Development of a responsive emotive sensing system (DRESS) to aid persons with dementia dress independently

D. F. Mahoney, W. Burleson, C. Lozano, V. Ravishankar, E. Mahoney

Research output: Contribution to journalArticle

Abstract

Purpose: The goal of this study is to develop a 'smart dresser' for in-home use by people with moderate memory loss. This device is designed to provide individualized audio and visual task prompting and enables people with moderate memory loss to dress while giving a respite to their caregivers. Prior research indicates that there has been insufficient attention to the stressors associated with dementia-related dressing issues1, which include stigmatizing clothing2 and wearable technology challenges3. Other researchers have suggested the need for innovative gerontechnology initiatives4. The DRESS system uniquely combines interactive contextaware/skeletal movement-, wrist-affective emotion sensing and fiducial fabric tag components to assess and respond to users in real time. Method: Mixed methods approach. To critique DRESS design and provide usability recommendations, qualitative inductive focus group research was done with 25 family caregivers of persons who displayed dressing difficulties. System development followed an iterative path incorporating caregivers' feedback. Quantitative technical feasibility testing occurred in a controlled lab with ten actors portraying nine different standardized dressing scenarios. Results & Discussion: Caregivers validated the need for tangible dressing assistance to reduce frustration from time spent in repetitive cueing and from struggles over dressing5. They contributed six changes that influenced the smart dresser's conceptual stage prototype development, most notably adding a dresser top iPad to mimic a familiar 'TV screen' for the audio and visual cueing (Figure1). DRESS demonstrated reliable operations, but the accuracy of clothing identification ranged from 16% for the most difficult inside out pants layout to 100% for shirts. Adjustments were made to Kinect and fiducial threshold values, which increased the pants orientation accuracy rate to 81%. The findings demonstrate proof of feasibility and validation of the conceptual development phase. Beta stage development will follow this initial work.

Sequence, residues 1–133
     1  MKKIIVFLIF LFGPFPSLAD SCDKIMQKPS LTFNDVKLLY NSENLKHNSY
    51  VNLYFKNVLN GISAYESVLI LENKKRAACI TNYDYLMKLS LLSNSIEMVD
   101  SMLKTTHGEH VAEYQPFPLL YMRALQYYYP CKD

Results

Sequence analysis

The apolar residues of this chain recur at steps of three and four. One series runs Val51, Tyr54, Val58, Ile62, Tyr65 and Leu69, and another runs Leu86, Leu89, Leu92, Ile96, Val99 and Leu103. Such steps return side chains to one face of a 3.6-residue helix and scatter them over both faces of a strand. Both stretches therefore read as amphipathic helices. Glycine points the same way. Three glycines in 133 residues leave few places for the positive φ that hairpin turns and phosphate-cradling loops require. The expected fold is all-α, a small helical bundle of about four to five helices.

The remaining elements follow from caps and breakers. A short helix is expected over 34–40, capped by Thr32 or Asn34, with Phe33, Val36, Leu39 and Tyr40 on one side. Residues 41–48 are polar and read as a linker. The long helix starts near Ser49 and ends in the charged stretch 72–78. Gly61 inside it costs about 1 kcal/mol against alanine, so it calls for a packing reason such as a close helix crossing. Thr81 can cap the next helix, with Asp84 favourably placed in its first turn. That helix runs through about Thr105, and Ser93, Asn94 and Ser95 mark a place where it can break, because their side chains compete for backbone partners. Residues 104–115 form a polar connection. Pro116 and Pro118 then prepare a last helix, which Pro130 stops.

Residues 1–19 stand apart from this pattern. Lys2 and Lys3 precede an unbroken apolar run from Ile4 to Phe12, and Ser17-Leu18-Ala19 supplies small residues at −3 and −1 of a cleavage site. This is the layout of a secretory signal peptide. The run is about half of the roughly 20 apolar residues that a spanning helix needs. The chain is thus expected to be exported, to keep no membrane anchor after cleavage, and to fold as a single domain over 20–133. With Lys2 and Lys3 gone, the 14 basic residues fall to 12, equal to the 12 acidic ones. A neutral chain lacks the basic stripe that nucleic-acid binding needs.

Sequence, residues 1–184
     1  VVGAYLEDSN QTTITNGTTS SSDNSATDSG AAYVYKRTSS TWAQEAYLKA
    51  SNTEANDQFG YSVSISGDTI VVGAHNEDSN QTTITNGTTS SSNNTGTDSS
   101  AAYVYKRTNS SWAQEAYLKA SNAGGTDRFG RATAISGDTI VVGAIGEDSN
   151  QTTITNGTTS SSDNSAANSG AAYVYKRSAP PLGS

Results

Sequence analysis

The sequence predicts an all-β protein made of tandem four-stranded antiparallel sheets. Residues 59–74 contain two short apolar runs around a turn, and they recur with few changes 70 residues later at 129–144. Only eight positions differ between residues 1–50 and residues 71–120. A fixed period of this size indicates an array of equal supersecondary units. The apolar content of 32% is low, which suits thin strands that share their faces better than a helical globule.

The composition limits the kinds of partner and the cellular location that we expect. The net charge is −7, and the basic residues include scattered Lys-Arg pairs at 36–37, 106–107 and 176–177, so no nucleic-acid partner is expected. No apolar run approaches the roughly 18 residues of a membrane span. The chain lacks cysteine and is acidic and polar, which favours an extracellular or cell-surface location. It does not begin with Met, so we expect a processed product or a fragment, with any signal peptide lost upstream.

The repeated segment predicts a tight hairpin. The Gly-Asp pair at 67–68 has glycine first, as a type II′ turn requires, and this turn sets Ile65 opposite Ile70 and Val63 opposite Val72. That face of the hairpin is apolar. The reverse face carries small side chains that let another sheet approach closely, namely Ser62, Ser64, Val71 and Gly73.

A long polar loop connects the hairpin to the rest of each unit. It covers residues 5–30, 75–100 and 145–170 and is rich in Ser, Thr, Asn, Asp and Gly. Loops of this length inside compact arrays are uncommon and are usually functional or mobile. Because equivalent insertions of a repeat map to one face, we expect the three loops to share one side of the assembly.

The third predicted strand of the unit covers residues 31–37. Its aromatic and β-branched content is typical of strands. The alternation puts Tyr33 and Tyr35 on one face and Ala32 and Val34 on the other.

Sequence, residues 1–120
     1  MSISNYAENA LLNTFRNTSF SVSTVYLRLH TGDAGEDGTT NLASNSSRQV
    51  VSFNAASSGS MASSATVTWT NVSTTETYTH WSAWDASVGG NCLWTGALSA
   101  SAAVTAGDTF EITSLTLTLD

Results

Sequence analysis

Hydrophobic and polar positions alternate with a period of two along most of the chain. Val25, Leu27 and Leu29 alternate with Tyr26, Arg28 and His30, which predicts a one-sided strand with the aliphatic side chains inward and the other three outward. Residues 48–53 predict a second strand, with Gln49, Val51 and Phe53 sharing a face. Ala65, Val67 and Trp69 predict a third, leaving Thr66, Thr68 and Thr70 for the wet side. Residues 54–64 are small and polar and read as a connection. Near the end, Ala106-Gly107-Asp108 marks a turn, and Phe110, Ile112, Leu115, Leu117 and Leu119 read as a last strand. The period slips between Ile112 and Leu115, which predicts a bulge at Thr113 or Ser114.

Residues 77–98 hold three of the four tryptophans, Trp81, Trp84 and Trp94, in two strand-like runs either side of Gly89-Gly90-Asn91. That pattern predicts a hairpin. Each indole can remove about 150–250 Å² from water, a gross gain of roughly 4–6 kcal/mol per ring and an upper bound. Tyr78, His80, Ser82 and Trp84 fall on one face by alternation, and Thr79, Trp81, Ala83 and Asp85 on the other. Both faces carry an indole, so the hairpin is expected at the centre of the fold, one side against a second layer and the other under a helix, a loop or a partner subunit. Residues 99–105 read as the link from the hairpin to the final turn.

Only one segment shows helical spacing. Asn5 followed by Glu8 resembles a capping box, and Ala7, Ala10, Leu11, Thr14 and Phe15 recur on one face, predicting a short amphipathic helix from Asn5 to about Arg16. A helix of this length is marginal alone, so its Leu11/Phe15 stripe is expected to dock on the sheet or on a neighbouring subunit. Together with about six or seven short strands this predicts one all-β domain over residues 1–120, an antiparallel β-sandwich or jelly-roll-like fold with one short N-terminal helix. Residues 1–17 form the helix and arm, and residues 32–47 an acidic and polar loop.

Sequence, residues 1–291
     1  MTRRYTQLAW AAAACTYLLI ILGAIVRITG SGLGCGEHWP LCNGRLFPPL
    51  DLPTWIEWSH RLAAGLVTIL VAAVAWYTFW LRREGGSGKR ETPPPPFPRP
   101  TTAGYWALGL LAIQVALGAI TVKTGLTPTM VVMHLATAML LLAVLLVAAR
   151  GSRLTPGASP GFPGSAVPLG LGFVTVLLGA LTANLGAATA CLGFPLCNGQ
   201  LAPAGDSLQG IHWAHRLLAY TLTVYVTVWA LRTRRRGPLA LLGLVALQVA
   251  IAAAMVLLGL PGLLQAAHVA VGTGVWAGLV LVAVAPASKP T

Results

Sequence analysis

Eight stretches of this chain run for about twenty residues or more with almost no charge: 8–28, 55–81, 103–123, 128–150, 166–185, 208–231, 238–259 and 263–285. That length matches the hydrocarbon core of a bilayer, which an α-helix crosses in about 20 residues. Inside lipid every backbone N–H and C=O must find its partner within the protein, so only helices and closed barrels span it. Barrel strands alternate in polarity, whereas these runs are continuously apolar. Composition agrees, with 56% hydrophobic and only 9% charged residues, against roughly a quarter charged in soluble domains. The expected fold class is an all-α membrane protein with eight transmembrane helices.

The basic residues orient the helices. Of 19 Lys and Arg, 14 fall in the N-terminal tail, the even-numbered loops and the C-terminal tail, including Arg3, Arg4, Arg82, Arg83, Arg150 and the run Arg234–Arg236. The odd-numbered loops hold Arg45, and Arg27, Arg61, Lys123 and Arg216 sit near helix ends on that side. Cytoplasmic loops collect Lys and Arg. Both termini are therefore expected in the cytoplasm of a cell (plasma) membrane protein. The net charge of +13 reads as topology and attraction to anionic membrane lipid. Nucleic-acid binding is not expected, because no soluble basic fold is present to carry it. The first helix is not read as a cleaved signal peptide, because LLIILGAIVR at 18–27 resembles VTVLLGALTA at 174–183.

Original languageEnglish (US)
Number of pages1
JournalGerontechnology
Volume13
Issue number2
DOIs
StatePublished - 2014

Keywords

  • Context aware and affective computing
  • Smart dresser
  • housing & daily activities

ASJC Scopus subject areas

  • Biomedical Engineering
  • Gerontology
  • Geriatrics and Gerontology

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